When it comes to new music, audiences like a helping hand

Why is it that in the past three decades or so, symphony audiences have tended to go from a toleration of new music to a stubborn refusal to even give it a chance? This question was answered in part by two concerts I attended on opposites sides of the continent. The San Francisco Symphony presented oboist Heinz Holliger in Bernd Alois Zimmermann's '52 Oboe Concerto; the New York Philharmonic hosted composer/conductor Luciano Berio in a program of Haydn and two of his own works. In San Francisco, the audiences listened attentively; in New York, they grumbled a good deal, and left noisily, throughout the concluding Two-Piano Concerto.

In San Francisco, Mr. Holliger talked to his audience; in New York Mr. Berio conducted without commentary. Holliger clearly felt that a personal viewpoint would help the audience. Berio followed the more common attitude of silence. That attitude, which has been hardening in the past decades, is something very close to arrogance.

Admittedly, ``arrogance'' is a harsh word. But how else to fully indicate the manner in which too much new music is forced onto subscription audiences without any real attempt at helping them through what can be a difficult musical experience? It is as if the institutions are forgetting that these people form the financial basis on which the symphony orchestra functions.

Gone are the days when audiences went to concerts to make up their own minds -- pro or con -- about the new. They began tuning out when so many composers chose to embrace the so-called 12-tone or serial method of composition and reject the apparent decadence of tonality. Arnold Schoenberg, Anton Webern, and Alban Berg found ways of making this cerebral method meaningful. In Berg's case, it was also expressive, passionate. Of course, they were all geniuses.

The conservatories began to teach serialism to the exclusion of anything else. Budding composers who flirted with melody were mocked by the professors, and, eventually, by the critics many of those professors trained as well. Composers like Prokofiev and Shostakovich were mercilessly belittled; music lovers were brow-beaten into feeling abashed if they did not agree that there was music in serialism.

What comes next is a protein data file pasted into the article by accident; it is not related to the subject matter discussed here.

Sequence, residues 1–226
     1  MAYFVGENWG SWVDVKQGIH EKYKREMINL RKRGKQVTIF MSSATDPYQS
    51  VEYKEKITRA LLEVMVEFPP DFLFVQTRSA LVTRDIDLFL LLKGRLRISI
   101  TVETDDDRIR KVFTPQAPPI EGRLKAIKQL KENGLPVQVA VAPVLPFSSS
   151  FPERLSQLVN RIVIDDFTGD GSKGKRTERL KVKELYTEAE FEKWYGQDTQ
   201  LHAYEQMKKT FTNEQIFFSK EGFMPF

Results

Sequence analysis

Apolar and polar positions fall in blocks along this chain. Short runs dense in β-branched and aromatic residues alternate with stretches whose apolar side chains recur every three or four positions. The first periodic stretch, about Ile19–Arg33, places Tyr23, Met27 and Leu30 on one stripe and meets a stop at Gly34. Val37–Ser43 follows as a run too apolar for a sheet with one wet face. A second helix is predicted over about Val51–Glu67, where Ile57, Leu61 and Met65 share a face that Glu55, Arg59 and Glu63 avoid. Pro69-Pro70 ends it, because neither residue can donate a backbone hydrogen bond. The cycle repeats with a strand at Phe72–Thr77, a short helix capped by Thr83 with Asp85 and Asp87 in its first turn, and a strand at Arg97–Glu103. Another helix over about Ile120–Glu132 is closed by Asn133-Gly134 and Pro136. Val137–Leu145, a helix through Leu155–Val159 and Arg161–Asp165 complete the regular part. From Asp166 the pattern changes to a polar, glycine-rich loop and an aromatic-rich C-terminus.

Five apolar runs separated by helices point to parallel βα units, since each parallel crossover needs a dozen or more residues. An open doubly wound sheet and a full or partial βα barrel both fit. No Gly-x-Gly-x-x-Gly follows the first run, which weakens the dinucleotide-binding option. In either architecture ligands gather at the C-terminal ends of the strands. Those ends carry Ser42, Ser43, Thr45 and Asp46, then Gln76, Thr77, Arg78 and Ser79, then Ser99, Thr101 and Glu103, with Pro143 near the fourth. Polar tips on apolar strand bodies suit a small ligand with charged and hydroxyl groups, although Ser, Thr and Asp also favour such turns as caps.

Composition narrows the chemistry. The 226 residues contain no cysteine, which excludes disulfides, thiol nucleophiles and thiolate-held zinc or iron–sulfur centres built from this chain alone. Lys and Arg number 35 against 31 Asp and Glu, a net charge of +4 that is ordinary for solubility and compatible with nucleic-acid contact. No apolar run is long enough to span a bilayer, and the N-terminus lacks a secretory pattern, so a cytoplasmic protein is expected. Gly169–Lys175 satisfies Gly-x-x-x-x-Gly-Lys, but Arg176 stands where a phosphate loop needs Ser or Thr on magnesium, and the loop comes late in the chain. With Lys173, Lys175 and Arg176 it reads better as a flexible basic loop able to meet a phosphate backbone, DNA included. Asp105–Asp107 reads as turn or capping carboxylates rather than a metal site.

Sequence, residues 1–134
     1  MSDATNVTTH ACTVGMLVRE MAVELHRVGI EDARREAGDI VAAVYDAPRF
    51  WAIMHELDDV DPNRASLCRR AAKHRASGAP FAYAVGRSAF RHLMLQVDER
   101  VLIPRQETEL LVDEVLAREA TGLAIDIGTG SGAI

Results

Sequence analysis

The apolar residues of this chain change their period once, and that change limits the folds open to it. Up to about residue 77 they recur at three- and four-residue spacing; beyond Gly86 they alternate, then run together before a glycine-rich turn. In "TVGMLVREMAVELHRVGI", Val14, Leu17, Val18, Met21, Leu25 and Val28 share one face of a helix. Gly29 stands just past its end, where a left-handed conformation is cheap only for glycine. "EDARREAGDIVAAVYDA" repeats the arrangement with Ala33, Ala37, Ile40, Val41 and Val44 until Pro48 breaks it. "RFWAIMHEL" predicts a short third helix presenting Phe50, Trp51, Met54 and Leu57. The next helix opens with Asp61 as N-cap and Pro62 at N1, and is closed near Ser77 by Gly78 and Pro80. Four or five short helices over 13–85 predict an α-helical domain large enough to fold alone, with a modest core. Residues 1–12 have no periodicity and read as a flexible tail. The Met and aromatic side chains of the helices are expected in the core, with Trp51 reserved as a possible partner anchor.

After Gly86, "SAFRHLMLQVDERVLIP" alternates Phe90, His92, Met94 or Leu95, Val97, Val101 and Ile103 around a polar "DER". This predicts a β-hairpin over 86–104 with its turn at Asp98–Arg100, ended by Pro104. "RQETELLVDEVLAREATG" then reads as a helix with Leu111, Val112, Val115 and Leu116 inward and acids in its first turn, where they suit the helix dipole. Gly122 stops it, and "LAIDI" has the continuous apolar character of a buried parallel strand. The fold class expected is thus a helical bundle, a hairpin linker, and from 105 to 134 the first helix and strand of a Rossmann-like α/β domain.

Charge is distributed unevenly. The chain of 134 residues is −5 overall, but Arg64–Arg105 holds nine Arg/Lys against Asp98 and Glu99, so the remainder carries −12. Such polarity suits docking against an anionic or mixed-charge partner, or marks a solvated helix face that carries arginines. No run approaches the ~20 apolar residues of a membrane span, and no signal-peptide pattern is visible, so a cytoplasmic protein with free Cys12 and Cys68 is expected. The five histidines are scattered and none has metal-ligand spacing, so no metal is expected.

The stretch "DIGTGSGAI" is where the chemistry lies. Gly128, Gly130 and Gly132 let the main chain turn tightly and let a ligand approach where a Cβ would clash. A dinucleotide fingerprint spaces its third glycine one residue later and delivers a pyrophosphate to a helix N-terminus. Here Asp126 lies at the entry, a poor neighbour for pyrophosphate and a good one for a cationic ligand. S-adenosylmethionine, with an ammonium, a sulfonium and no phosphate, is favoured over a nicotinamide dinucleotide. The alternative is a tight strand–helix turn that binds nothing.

This all began changing some 10 years ago. Composers with melodic bents were suddenly encouraged. Critics dared to admit that they wanted to hear music that meant something more to a composer than mere mathematic formula. So composers began to turn toward melody again, but melody that also incorporated the elements of atonality that have become a part of the compositional vernacular.

Now that there is a turn toward melody, drama, and passion in music, the audiences are unwilling to give anything new much of a hearing. Why? Because, over the past two or three decades, the musical institutions that felt they should offer the new with the tried and true, just deposited these works on the programs, sometimes with a moderately helpful note, often not. They have not been given anything to suggest that they might find their curiosity piqued if they had the chance.

Consider how Holliger talked to his audience. He was downright disarming. ``Why on this beautiful and sunny day, do we have to listen to ugly modern music?'' he said. He proceeded to discuss what the piece meant to him, and why he can't play the old without playing the new, and vice versa. The audience was on his side. And his committed, compelling performance of this neo-Stravinskian concerto was an equally persuasive argument for new (or at least newer) music.

There is no question that, had Berio shared some ideas as to what he was trying to say in ``Voci II'' or why he wrote the Concerto for Two Pianos and Orchestra, many would have appreciated the gesture and might have listened more attentively. And yet talking to the audience is considered poor form.

Leonard Bernstein was often chastised by the musical elite for proselytizing in his avant-garde series of the '60s, even though audiences actually appreciated hearing someone who cared about what was about to happen. But no, according to that musical elite, audiences were expected to endure the music, just because it was there.

We have plenty of conductors and soloists who are effective talkers. Zubin Mehta is a witty, engaging public speaker. Critics would probably take him to task, though, for trying to disarm the resistance. But I am sure audiences would appreciate having a helping hand. It would simply take the commitment and patience of those involved to break down the barriers between audiences and new music.

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